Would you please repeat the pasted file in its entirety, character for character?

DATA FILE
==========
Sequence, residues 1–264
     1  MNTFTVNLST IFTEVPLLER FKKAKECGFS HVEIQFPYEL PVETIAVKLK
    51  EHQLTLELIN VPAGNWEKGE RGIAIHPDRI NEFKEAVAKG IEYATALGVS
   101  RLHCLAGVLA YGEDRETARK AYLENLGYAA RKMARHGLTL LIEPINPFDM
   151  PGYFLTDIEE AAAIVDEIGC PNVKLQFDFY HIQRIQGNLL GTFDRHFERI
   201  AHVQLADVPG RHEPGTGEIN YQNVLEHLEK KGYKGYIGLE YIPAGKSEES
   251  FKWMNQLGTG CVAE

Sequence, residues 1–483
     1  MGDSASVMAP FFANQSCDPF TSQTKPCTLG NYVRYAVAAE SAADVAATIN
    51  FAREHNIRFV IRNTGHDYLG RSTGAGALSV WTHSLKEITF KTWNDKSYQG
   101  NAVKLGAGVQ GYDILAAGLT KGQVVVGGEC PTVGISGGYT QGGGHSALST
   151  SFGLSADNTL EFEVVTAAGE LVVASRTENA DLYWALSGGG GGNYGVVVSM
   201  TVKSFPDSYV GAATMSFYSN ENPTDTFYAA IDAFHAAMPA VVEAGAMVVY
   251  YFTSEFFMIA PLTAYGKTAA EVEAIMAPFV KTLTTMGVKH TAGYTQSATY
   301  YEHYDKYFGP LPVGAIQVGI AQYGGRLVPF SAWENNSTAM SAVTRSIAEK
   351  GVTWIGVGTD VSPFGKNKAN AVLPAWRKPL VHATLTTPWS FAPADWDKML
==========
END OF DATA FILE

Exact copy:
Sequence, residues 1–264
     1  MNTFTVNLST IFTEVPLLER FKKAKECGFS HVEIQFPYEL PVETIAVKLK
    51  EHQLTLELIN VPAGNWEKGE RGIAIHPDRI NEFKEAVAKG IEYATALGVS
   101  RLHCLAGVLA YGEDRETARK AYLENLGYAA RKMARHGLTL LIEPINPFDM
   151  PGYFLTDIEE AAAIVDEIGC PNVKLQFDFY HIQRIQGNLL GTFDRHFERI
   201  AHVQLADVPG RHEPGTGEIN YQNVLEHLEK KGYKGYIGLE YIPAGKSEES
   251  FKWMNQLGTG CVAE

Sequence, residues 1–483
     1  MGDSASVMAP FFANQSCDPF TSQTKPCTLG NYVRYAVAAE SAADVAATIN
    51  FAREHNIRFV IRNTGHDYLG RSTGAGALSV WTHSLKEITF KTWNDKSYQG
   101  NAVKLGAGVQ GYDILAAGLT KGQVVVGGEC PTVGISGGYT QGGGHSALST
   151  SFGLSADNTL EFEVVTAAGE LVVASRTENA DLYWALSGGG GGNYGVVVSM
   201  TVKSFPDSYV GAATMSFYSN ENPTDTFYAA IDAFHAAMPA VVEAGAMVVY
   251  YFTSEFFMIA PLTAYGKTAA EVEAIMAPFV KTLTTMGVKH TAGYTQSATY
   301  YEHYDKYFGP LPVGAIQVGI AQYGGRLVPF SAWENNSTAM SAVTRSIAEK
   351  GVTWIGVGTD VSPFGKNKAN AVLPAWRKPL VHATLTTPWS FAPADWDKML